Stocktake: Is the bull market taking a breather?
Proinsias O’Mahony takes a look at the ups and downs of the stock market
US stocks gained last week, but it has been an iffy 2015 for the S&P 500, which has badly underperformed other developed markets. Photograph: by Andrew Burton/Getty Images
US stocks gained last week, but it has been an iffy 2015 for the S&P 500, which has badly underperformed other developed markets. However, there is little evidence the six-year bull market is ending.
Weakening market breadth is the key indicator of a tiring bull.
At market peaks, many stocks will already have suffered large declines, but indices may be propped up by strong performances from the largest companies.
That’s why just 63 per cent of stocks were above their 200-day moving average at the 2007 peak and an even smaller number at 2000’s bull market high.
Today, the vast majority of stocks remain in healthy uptrends; at December’s high, 79 per cent traded above their long-term average.
The recent to-ing and fro-ing may simply mark a return to normalised trading. Pullbacks have been short and shallow since 2013, with nine V-shaped rallies taking place.
That’s extraordinary; money manager Dana Lyons recently noted that just 40 V-bottoms occurred between 1950 and 2012 or about once every 18 months.
The era of V-shaped rallies could be over, but the US bull market remains alive.
CRH optimistic on synergies
Investors last week cheered CRH’s announcement that it was buying €6.5 billion of assets from LafargeHolcim, shares enjoying a double-digit rise. However, large-scale acquisitions rarely live up to expectations. To quote valuation guru Aswath Damodaran (inset), “more value is destroyed by acquisitions than any other single action taken by companies”.
There are many reasons, one being that companies often overestimate potential synergies. One study, Do Synergies Exist in Related Acquisitions?, did a meta-analysis of 67 previous papers on the subject. The consensus is that synergies tend to be “negligible”; shareholders are “best advised to doubt promises of synergies made by executives”; expect positive results “under specific conditions only”.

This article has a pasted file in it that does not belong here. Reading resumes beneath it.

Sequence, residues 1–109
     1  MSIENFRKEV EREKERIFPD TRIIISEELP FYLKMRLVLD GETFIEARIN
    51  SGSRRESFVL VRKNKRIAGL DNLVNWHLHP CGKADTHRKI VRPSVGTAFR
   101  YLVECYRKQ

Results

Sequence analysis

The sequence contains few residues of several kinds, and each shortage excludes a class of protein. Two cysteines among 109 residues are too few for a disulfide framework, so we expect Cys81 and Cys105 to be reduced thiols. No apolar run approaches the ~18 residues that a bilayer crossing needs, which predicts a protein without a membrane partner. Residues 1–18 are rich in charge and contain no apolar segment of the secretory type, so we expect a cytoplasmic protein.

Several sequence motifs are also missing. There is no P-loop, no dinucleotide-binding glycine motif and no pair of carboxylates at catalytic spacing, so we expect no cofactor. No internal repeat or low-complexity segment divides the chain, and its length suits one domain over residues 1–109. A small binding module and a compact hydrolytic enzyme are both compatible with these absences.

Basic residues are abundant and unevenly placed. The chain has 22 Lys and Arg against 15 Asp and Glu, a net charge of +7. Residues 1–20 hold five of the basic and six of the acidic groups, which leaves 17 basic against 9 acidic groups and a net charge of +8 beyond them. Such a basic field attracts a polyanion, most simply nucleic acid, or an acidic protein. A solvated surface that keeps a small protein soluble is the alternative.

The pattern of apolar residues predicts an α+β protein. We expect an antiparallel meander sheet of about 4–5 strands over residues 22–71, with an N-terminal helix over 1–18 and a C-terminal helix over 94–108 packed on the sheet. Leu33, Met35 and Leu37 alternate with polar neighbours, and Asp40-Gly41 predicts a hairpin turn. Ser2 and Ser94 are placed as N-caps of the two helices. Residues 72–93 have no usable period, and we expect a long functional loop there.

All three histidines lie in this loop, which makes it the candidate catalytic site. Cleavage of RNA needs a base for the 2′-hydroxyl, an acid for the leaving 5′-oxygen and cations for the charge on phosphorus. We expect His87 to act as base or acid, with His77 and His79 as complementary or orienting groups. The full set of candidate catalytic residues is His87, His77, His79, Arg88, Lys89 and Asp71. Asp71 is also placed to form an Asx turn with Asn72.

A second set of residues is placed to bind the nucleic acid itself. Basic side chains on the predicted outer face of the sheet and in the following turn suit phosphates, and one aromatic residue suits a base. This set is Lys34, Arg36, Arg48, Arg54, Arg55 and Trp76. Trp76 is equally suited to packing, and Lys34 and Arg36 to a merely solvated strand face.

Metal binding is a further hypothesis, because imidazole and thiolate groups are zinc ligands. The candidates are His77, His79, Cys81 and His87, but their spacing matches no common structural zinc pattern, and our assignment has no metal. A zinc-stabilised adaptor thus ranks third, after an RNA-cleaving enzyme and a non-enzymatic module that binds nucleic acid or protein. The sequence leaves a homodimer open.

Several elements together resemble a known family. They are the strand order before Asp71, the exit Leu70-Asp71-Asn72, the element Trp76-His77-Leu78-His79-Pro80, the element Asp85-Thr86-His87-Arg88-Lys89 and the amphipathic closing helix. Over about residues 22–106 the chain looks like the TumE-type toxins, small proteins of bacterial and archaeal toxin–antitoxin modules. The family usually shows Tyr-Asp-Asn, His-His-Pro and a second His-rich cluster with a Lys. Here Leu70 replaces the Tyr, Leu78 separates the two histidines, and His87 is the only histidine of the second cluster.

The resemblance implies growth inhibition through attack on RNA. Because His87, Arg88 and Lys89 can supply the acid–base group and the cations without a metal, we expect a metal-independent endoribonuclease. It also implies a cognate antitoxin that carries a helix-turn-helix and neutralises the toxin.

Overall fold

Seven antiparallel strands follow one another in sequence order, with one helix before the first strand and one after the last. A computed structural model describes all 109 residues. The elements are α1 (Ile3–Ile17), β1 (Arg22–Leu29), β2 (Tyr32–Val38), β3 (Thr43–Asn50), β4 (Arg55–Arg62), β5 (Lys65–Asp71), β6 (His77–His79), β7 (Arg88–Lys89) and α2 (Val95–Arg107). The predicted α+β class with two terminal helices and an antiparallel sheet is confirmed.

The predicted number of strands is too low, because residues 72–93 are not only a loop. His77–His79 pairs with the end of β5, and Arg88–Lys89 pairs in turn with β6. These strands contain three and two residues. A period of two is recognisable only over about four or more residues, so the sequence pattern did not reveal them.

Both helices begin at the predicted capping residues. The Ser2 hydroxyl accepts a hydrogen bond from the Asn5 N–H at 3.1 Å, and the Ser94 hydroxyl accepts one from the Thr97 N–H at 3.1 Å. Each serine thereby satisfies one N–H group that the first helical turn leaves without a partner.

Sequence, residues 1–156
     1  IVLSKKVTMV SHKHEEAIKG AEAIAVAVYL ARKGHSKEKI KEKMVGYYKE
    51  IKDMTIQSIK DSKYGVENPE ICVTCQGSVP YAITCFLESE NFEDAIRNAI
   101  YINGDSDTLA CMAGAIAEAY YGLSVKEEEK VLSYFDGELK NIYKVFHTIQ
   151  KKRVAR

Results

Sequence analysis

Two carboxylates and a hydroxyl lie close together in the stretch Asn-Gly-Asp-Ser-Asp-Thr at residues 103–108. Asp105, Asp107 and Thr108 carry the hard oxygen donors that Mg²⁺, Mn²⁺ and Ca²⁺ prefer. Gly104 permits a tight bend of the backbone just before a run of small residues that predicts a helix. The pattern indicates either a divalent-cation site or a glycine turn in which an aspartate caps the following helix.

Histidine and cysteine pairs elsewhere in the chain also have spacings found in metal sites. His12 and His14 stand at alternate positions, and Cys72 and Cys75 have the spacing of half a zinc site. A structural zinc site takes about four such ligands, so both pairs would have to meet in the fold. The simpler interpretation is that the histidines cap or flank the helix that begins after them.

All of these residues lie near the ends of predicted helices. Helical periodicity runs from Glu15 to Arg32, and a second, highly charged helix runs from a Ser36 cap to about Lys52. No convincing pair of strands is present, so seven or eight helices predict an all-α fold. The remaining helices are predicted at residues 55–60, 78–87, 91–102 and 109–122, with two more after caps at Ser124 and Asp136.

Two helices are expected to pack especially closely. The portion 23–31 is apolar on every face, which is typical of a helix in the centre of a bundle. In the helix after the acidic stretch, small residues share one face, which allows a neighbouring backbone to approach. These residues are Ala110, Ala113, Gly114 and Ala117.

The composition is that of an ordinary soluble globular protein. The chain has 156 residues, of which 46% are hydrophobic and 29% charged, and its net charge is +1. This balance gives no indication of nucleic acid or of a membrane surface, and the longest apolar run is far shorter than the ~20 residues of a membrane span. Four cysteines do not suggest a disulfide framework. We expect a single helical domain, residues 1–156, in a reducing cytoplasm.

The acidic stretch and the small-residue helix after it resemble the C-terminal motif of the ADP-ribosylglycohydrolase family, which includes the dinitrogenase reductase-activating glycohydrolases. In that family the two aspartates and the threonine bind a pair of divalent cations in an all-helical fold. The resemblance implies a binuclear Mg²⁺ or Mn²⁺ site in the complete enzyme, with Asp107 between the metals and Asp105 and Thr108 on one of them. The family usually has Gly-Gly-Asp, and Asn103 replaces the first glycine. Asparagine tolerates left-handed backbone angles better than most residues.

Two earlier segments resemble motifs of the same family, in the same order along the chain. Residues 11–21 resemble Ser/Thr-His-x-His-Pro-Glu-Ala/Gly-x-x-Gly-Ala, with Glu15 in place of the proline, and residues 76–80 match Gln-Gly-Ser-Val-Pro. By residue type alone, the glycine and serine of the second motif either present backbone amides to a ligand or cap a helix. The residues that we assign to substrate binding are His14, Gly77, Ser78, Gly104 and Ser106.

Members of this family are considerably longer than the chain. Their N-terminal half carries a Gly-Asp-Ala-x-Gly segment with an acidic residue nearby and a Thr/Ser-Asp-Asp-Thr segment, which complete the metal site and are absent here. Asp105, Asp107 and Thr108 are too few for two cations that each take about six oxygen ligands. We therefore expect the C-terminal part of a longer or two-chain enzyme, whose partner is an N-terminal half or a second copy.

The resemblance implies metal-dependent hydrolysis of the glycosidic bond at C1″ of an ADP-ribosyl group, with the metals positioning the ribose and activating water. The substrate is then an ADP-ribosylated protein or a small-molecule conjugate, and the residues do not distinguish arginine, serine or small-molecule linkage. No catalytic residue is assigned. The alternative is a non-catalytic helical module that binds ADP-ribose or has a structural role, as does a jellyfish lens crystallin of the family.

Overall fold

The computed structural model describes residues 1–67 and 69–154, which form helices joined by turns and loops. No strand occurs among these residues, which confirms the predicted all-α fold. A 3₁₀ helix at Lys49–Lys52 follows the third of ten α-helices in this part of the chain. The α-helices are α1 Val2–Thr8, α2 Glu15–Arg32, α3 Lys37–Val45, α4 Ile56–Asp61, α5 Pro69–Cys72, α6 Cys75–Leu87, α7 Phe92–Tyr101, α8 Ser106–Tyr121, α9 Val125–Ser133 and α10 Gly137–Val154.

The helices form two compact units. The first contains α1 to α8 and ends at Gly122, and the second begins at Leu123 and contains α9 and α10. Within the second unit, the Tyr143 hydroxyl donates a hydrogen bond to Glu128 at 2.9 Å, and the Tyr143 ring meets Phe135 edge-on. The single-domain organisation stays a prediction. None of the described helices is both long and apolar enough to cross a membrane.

CRH envisages synergies of €90 million “across multiple categories” within three years. That may seem modest – they total 1.8 per cent of sales – but the eventual reality may be more modest again.
Women desert investing world
The number of female fund managers in the US has fallen every year for the last six years, the Financial Times reported last week, from 10 per cent to less than 7 percent.
Efforts to redress the gender imbalance are clearly failing, which is bad news on multiple levels.
Plenty of data suggests women are less vulnerable to investing vices such as overconfidence and overtrading.
Hedge funds headed by women habitually outperform. Ordinary female investors outperformed during the global financial crisis, according to Vanguard, as they were less likely to be spooked into selling.
Work by Cambridge neuroscientist and former trader John Coates suggests testosterone can lead to irrational exuberance and market crashes.
A greater presence of women (and older men) might, as Coates argues, promote less overtrading and better long-term planning.
Six years after the global financial crash, however, and the investment landscape looks more, not less, male-dominated.
Sticking to a wrong consensus
Almost all – 96 per cent – institutional investors expect the S&P 500 to rise in 2015, according to a new survey by consulting firm NEPC.
The results are less euphoric than they appear. More than nine in 10 expect modest 0 to 10 per cent gains. Just 5 per cent expect gains to exceed 10 per cent.
This may sound reasonable, given markets’ average annual gains of 9-10 per cent.
However, wild swings are the norm.
Historically, indices have risen or fallen by at least 20 per cent in more than 40 per cent of all years. Over the last 86 years, returns in the 0 to 10 per cent range occurred on just 14 occasions.
In other words, one rarely sees 0-10 per cent returns, yet almost every institutional investor is predicting exactly that.
The truth is, they haven’t a clue – no one does.
Rather than admit that, however, it’s deemed better to cough out a safe, sober figure, sticking to a consensus that is almost certain to be wrong.
It’s the boring days that count
Volatility energises and unnerves investors. Recently, the S&P 500 rose or fell by more than 1 per cent on six out of seven days, providing headlines aplenty for the financial media.
You don’t hear about the days when indices eke out tiny gains, but the big moves are less important than they seem.
Since 1932, notes blogger Eddy Elfenbein, stocks have enjoyed daily gains exceeding 1.17 per cent on more than 1,900 occasions, while there were some 1,800 daily losses exceeding 1.17 per cent.
Combine all the big moves, and they almost perfectly cancel each other out.
“In other words, all those high-volatility days add up to nothing,” says Elfenbein.
The enormous gains of the last century have come from the boring days.
“The rest is just noise.”